\ ˈprȯŋ How to pronounce prong (audio) , ˈpräŋ \

Definition of prong

 (Entry 1 of 2)

1 : fork
2 : a tine of a fork
3 : a slender pointed or projecting part: such as
a : a fang of a tooth
b : a point of an antler
4 : something resembling a prong


pronged; pronging; prongs

Definition of prong (Entry 2 of 2)

transitive verb

: to stab, pierce, or break up with a pronged device

Examples of prong in a Sentence

Recent Examples on the Web: Noun The tip of the prong can leave a water spot and glasses wedged over two tines can crack. Carolyn Forte, Good Housekeeping, "How to Use and Load a Dishwasher the Right Way," 13 Nov. 2019 The role of food banks and pantries The emergency food system is the fourth prong, but the option people often think of first. Jen Zettel-vandenhouten, Milwaukee Journal Sentinel, "We may not be able to end hunger in Wisconsin but we can reduce it. Here's what it will take.," 24 Oct. 2019 But institutional investors are starting to be lured in—thanks to technology, the revolution’s third prong. The Economist, "Trade finance is nearing a much-needed shakeup," 24 Oct. 2019 One of the officers deployed his taser on the suspect, but the man became more combative when only one of the two prongs from the device stuck to him. Jeremy Gorner,, "Officers honored for safely disarming machete-wielding man with taser," 18 Sep. 2019 If a candidate fails to meet the second prong of this unique electoral procedure, the state house decides who wins. Abby Vesoulis, Time, "A Jim Crow-Era Law Could Change The Results of Today's Election In Mississippi," 5 Nov. 2019 Another prong to the Gophers student-athletes’ academic success has been continuity in its advisers. Josh Verges, Twin Cities, "Gophers setting academic success records, but how does grade inflation factor in?," 1 Nov. 2019 The prongs of the pick made a plink, plink, plink music. Rion Amilcar Scott, The New Yorker, "Shape-ups at Delilah’s," 30 Sep. 2019 The court set a new, three-prong test for companies to use when determining how to classify their workers. Kathleen Ronayne, San Diego Union-Tribune, "California adds wage, benefit protections for gig workers," 18 Sep. 2019 Recent Examples on the Web: Verb Apparently, there's now a new twist on the classic shape, looking a little more modern with an oval center stone and spiky pronged diamonds surrounding it. Katherine J. Igoe, Marie Claire, "A Replica of Kate Middleton's Engagement Ring Is Now Available for Less Than $35," 2 Aug. 2019 The solutions, according to the Bay Area Equity Atlas report and Price’s work, have to be multi-pronged in order to really tackle the problems of housing affordability. Bay City News Service, The Mercury News, "Women of color face highest rent burden in Bay Area," 13 Aug. 2019 Few hardware manufacturers have convinced other game makers that their strange, proprietary chips—full of multi-pronged, work-in-tandem processors or cores—are worth those system-specific headaches. Sam Machkovech, Ars Technica, "Nvidia RTX 2080 and 2080 Ti review: A tale of two very expensive graphics cards," 19 Sep. 2018 There’s no definitive diagnostic test for schizophrenia, so doctors will typically take a multi-pronged approach. Nina Bahadur, SELF, "9 Facts to Know About Schizophrenia, Which Is Way Too Misunderstood," 15 Sep. 2018 Google, which has been under fire for being one of the biggest enablers of fake news, is now fighting back with a new multi-pronged, $300 million plan to elevate quality journalism. Alyssa Newcomb /, NBC News, "Google embraces the news with new initiative to fight misinformation," 20 Mar. 2018 To answer these questions, the researchers launched a multi-pronged analysis. Scott K. Johnson, Ars Technica, "Many glaciers letting rivers run low, others are falling apart," 27 Jan. 2018 The indictments of the 13 Russians relate to just one prong of a multi-pronged investigation. Jeff Darcy,, "Ingraham loses to LeBron, Constitution: Darcy cartoon," 20 Feb. 2018 Treatment is often multi-pronged, spanning areas such as behavioral health, medical care, addiction services and job training. Kevin Litten,, "How human trafficking victims can get help in New Orleans," 17 Feb. 2018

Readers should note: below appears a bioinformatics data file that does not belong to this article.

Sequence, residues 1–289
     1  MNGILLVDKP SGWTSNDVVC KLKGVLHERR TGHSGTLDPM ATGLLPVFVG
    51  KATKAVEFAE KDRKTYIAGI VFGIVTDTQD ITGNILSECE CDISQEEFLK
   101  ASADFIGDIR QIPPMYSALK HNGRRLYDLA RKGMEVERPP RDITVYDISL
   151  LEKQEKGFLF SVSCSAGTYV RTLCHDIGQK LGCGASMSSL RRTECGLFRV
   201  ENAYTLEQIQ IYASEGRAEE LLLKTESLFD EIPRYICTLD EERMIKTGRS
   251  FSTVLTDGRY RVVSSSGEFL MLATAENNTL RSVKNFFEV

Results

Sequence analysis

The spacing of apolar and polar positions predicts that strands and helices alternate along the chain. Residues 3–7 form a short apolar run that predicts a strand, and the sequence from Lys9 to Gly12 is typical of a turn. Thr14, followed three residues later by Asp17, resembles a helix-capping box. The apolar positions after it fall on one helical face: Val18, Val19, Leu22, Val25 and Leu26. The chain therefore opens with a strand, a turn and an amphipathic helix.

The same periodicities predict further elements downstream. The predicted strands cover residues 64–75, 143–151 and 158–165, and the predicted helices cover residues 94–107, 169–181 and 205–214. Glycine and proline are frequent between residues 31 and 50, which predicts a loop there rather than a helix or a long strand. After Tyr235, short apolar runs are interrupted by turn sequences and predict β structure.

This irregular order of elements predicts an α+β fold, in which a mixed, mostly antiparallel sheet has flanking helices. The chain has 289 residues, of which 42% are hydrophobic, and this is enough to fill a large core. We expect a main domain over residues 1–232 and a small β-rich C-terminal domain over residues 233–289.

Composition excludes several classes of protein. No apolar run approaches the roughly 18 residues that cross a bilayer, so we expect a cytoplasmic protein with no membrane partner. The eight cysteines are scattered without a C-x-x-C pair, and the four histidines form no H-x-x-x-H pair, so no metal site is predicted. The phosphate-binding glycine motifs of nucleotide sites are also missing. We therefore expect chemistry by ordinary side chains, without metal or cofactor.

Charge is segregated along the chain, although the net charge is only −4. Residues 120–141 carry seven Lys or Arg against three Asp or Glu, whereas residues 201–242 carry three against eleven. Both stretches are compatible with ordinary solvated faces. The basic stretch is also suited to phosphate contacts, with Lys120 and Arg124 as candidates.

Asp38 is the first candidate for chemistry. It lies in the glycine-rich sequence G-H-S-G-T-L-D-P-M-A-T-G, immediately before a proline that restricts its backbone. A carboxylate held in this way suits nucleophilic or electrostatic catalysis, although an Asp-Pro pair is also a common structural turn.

These example sentences are selected automatically from various online news sources to reflect current usage of the word 'prong.' Views expressed in the examples do not represent the opinion of Merriam-Webster or its editors. Send us feedback.

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First Known Use of prong


15th century, in the meaning defined at sense 1


1785, in the meaning defined above

History and Etymology for prong


Middle English pronge

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Time Traveler for prong

Time Traveler

The first known use of prong was in the 15th century

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Last Updated

25 Nov 2019

Cite this Entry

“Prong.” The Dictionary, Merriam-Webster Inc., Accessed 8 December 2019.

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More Definitions for prong


How to pronounce prong (audio)

English Language Learners Definition of prong

: one of the long points of a fork or similar object
: one of the small metal parts of an electrical plug that fit into the holes in an outlet


\ ˈprȯŋ How to pronounce prong (audio) \

Kids Definition of prong

1 : one of the sharp points of a fork
2 : a slender part that sticks out (as a point of an antler)

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More from Merriam-Webster on prong

Rhyming Dictionary: Words that rhyme with prong

Spanish Central: Translation of prong

Nglish: Translation of prong for Spanish Speakers

Comments on prong

What made you want to look up prong? Please tell us where you read or heard it (including the quote, if possible).


to constrict the range or activity of

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